PyCryptoMiner botnet, a new Crypto-Miner Botnet spreads over SSH

Security experts at F5 discovered a new Linux Monero crypto-miner botnet dubbed PyCryptoMiner spreading over the SSH protocol.

F5 researchers discovered a new Linux crypto-miner botnet dubbed PyCryptoMiner spreading over the SSH protocol. The Monero miner botnet is based on the Python scripting language, it leverages Pastebin as command and control server infrastructure when the original C&C isn’t available.

If all C&C servers of the botnet are not accessible, all newly infected bots are idle, polling for the botmaster’s Pastebin page.

The experts believe the botnet it under development, operators have recently added scanner functionality hunting for vulnerable JBoss servers (exploiting CVE-2017-12149).

It has been estimated that the PyCryptoMiner botnet has generated the equivalent of approximately $46,000 as of late December.

The experts believe the PyCryptoMiner botnet is more evasive due to its scripting language-based nature, it is hard to detect because it is executed by a legitimate binary.

The malware spreads by attempting to guess the SSH login credentials of target Linux systems. Once SSH credentials are guessed, the bot deploys a simple base64-encoded Python script designed to connect to the C&C server to download and execute additional Python code.

The second-stage code is the controller that registers a cron job on the infected machine to gain persistence.

The original script checks whether the machine has been already infected, it also collects information on the infected device including:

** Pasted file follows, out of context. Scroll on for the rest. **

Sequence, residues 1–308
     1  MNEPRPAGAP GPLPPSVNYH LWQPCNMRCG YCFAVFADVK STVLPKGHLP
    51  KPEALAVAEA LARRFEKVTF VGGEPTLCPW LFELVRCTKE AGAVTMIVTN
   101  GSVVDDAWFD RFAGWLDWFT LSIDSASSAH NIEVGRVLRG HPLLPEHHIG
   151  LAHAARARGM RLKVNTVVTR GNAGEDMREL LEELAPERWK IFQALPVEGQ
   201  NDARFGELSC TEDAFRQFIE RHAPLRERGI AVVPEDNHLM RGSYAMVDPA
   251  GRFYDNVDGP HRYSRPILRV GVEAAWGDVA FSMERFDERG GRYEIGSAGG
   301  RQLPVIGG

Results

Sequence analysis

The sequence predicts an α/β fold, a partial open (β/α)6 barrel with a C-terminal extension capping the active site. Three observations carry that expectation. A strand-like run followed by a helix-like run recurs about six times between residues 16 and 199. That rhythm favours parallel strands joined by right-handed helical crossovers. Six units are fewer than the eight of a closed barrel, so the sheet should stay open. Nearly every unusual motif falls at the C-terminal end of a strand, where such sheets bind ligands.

• Host/DNS name
  • OS name and its architecture
  • Number of CPUs
  • CPU usage

The bot sends a report with the collected information to the C&C that in turn send it task details. The “task” includes:

  • “cmd” — arbitrary command to be executed as a separate process
  • “client_version” — if the version number received from the server is different from the current bot version, it will terminate the bot and wait for the cron to run the spearhead script again to deploy an updated version (current value is “4”)
  • “task_hash” — task identifier so the C&C can synchronize botnet results, because each command has a different execution time
  • “conn_cycler” — time interval to poll the C&C, which is controlled by the bot master, probably to balance the loads on its C&C infrastructure as the botnet grows (default value 15 seconds)

The PyCryptoMiner botnet uses two pool addresses that show approximately 94 and 64 Monero, with a value of around $60,000. However, it is not possible to know overall profits of the botnet.

The analysis of the Pastebin page used are alternative C&C revealed the botnet might have been active since August 2017, and that the content had been viewed 177,987 times at the time of the investigation. It is not possible to determine the overall size of the botnet because each bot could periodically visit the page when the C&C server is down.

The botmaster used the moniker “WHATHAPPEN” which is associated with more than 36,000 domains and 235 email addresses. The registrant has been involved in scams, gambling, and adult services since 2012.

Below F5’s key findings on the PyCryptoMiner botnet:

  • Is based on the Python scripting language making it hard to detect
  • Leverages Pastebin.com (under the username “WHATHAPPEN”) to receive new command and control server (C&C) assignments if the original server becomes unreachable
  • The registrant is associated with more than 36,000 domains, some of which have been known for scams, gambling, and adult services since 2012
  • Is mining Monero, a highly anonymous crypto-currency favored by cyber-criminals. As of late December 2017, this botnet has made approximately US $46,000 mining Monero
  • New scanner functionality hunting for vulnerable JBoss servers was introduced mid-December exploiting CVE-2017-12149

F5 also published IoCs for the botnet.


Pierluigi Paganini

(Security Affairs – PyCryptoMiner botnet, Monero Miner)



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